Coupled to the lever 616 are two steering elements or wires 622 and 624, which are slidably movable within the outer tube 612 and are distally coupled to a distal site of the flexible region 602. The steering wires 622 and 624 may be separate wires, or two segments of the same wire looped through the lever 616. When a steering wire 622 or 624 is tensioned by actuating one of the lever arms 618 and 620, the flexible region 602 will curve or bend. The flexible region may comprise any of a variety of flexible materials and/or flexible structures, including any of a variety of polymeric or metallic structures. In the depicted embodiment, the flexible region 602 comprises a plurality of optional slots 626, which may augment the bending characteristics, but in other embodiments, an accordion-like configuration or other type of bending configuration may be provided. The ends 628 of the slots 626 depicted in FIG. 19C have optional enlarged arcuate configurations, which may redistribute at least some of the bending forces that may act on the flexible region 602 and may resist tearing or reduce any resulting damage to the flexible region. The length of the flexible region may be in the range of about 0.04 inch to about 8 inches or more, sometimes about 0.2 inch to about 2 inches, and other times about 0.3 inch to about 0.8 inch. The width of the ends 628 of the slots 626, as measured in the unbent configuration along the longitudinal axis of the tissue removal device, may be in the range of about 0.02 inch to about 0.15 inch or more, sometimes about 0.04 inch to about 0.1 inch, and other times about 0.04 inch to about 0.07 inch. In still other embodiments, the flexible region may lack a particular configuration but comprises a flexible material that has a lower durometer than the other portions of the outer tube. The maximum degree of bending may vary from about 5 degrees up to about 10 degrees or more, sometimes about 15 degrees up to 25 degrees or more, and other times about 45 degrees to about 75 degrees or more, and even about 90 degrees to about 105 degrees or more in certain embodiments. In embodiments of the tissue removal device having bi-direction steering from its neutral axis, the maximum degree of bending in each direction may be the same or may be different.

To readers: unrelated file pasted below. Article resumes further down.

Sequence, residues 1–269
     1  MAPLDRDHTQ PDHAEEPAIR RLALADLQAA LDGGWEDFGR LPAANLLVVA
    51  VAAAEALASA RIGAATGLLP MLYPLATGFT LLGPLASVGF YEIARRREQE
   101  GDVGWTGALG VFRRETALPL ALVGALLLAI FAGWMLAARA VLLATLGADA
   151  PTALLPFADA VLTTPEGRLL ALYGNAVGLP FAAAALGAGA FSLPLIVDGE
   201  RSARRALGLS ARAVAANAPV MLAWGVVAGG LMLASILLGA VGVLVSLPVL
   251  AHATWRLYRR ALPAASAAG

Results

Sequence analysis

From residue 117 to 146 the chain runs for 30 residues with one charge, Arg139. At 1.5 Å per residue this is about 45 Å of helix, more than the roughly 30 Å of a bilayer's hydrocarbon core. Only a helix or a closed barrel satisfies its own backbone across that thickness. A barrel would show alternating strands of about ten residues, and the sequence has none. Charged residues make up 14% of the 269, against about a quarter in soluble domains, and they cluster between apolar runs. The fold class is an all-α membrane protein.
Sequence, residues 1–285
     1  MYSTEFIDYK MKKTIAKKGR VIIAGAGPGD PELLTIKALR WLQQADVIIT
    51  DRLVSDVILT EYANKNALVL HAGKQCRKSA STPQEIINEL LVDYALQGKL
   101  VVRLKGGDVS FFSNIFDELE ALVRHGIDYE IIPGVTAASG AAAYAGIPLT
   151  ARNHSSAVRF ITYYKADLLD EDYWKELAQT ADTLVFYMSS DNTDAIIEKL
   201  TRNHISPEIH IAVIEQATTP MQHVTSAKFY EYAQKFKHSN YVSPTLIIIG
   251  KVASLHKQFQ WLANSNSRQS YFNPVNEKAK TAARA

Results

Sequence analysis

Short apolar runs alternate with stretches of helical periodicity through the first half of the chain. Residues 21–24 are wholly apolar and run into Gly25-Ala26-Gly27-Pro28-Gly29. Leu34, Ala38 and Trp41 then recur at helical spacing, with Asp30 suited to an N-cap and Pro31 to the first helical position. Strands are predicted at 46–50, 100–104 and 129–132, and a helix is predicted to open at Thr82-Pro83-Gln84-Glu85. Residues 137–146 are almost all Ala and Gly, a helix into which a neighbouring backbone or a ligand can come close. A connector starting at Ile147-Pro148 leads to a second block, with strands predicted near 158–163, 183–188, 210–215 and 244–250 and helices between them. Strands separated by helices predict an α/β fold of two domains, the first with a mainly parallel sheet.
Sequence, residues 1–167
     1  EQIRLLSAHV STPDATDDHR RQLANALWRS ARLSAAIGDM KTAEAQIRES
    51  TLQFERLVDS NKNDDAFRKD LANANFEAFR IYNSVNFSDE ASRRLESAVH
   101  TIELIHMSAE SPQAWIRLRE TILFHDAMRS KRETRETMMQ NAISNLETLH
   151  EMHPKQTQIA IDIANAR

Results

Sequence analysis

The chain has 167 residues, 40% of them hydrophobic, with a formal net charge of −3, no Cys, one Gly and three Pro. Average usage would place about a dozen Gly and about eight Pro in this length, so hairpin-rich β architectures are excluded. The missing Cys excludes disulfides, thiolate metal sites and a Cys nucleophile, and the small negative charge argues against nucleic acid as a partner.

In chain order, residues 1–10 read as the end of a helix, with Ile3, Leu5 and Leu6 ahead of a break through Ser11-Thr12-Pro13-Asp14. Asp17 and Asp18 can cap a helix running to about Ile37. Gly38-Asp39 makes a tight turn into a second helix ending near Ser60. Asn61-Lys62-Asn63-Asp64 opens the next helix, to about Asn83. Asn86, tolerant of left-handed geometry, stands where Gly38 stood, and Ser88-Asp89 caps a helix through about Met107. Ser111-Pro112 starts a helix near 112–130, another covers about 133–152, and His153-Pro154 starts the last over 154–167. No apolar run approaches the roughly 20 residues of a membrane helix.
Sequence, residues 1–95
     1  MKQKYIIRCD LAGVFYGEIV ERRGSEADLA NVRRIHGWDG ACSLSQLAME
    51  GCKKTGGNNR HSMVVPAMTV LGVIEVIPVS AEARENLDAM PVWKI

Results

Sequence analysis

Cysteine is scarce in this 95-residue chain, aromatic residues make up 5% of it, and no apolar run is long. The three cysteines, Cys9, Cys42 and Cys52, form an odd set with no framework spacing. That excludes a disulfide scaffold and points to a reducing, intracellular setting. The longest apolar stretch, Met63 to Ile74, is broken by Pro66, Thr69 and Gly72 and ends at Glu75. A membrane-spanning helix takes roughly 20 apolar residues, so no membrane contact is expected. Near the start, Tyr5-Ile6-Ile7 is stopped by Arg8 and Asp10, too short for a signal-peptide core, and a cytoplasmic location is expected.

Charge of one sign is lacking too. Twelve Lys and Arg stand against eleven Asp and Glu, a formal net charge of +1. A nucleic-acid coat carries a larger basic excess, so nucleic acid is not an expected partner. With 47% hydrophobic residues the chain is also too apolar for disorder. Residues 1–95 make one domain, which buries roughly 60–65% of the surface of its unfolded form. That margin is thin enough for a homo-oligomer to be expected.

• [0101]
    As depicted in FIG. 19C, the exposed proximal and distal ends 646 and 648 of the flexible elongate member 630 may be coupled to the rotatable shaft assembly 632 through either openings or attachment sites located on the circumferential surfaces of the proximal and distal ends 646 and 648. Other sites where one or both ends of the flexible elongate member 630 may be coupled include but are not limited to the taper regions 642 and 644, if any, or any other surface having at least some degree of transverse orientation with respect to the longitudinal axis of the rotatable shaft assembly 632. Still other coupling sites may include the reduce diameter core 634, the base 636 and the piercing element 640.
  • [0102]